6 Questions To Ask When Building A Vacant Property List

6 Questions To Ask When Building A Vacant Property List

Leveraging vacant properties is quickly becoming one of the most popular strategies for real estate investors to find lucrative opportunities.

In fact, according to a recent report from the US Census Bureau, 15.5 Million of the 142 Million properties in the United States are classified as Vacant. With such a large volume of vacant properties, it’s no wonder savvy investors are investing in finding and connecting with vacant property owners. 

Vacant properties (also known as an abandoned property) are exactly what they sound like: an unoccupied property. Even though nobody is living in or utilizing the property, it still has a registered owner who, in most cases, has not kept up with maintaining their property. 

Building a strategy around vacant or abandoned properties, just like any other distressed properties, comes down to knowing what to look for and being able to build a list of potential opportunities that fit your real estate investing criteria.

In this article, we’re going to take a look at six of the most important questions to ask when building your vacant property list, including:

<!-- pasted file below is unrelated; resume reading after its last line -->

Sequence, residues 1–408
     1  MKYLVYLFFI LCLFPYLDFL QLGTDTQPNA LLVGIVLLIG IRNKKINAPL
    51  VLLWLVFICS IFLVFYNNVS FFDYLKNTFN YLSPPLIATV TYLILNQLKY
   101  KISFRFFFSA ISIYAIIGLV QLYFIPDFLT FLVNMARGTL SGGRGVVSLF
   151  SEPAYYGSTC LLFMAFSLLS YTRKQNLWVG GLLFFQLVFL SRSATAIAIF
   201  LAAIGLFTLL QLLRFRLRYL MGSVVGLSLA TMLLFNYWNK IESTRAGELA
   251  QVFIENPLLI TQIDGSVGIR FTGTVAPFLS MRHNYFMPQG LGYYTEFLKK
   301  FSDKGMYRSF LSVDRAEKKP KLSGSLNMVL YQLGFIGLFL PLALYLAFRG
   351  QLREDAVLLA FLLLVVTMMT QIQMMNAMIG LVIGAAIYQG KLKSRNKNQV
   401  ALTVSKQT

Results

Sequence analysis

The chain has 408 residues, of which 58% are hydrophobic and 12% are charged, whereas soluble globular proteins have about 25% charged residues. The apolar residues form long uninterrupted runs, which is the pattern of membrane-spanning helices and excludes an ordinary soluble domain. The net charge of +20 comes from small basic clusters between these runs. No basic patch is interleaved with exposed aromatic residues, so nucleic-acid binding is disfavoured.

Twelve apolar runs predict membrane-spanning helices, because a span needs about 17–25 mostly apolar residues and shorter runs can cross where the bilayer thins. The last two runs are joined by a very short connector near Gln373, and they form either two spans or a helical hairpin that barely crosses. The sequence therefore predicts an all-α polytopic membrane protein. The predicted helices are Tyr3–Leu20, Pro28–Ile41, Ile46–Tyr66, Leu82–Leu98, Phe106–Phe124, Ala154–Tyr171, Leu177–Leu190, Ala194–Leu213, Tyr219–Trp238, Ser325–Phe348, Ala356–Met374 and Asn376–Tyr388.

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1. Is it owner-occupied or non-owner-occupied?

When setting out to find vacant properties, the first, and arguably most important, thing to understand is if the vacant homes are owner-occupied or non-owner-occupied. Depending on the status, it will drastically change how you market to the property.

When determining the status of homes on your vacant property list, there are two sources you can use to find vacant houses: the County Assessor and the US Postal Service.

So, for example, you may run into a situation where the County Assessor will keep a property marked as owner-occupied because they mailed a tax bill to the address. However, the US Postal Service may classify the property differently if they cannot deliver any mail to the property.

In this example, if the property is owner-occupied and vacant, you have to take that tracking down that owner further because you can’t rely on the mailing address alone. So remember, when to find vacant houses, you may need to do more research.

In most cases, you’ll have to look to skip trace to find vacant property owners and their contact information. However, most investors won’t put in the time to do this, so you’re more likely to be one of the, or even the only investor, who’s reached out to them. 

Additionally, you’ll want to determine whether or not the homes on your list have an Absentee Owner. Often, you’ll find that an investor owns a property that's currently vacant.

This happens for a few reasons. First, it may be one of their rental properties or one of their vacation homes, and, given it’s infrequently lived in, it could be marked as vacant. If it’s a rental property, maybe they're in between tenants, doing a renovation, or maybe they just evicted somebody.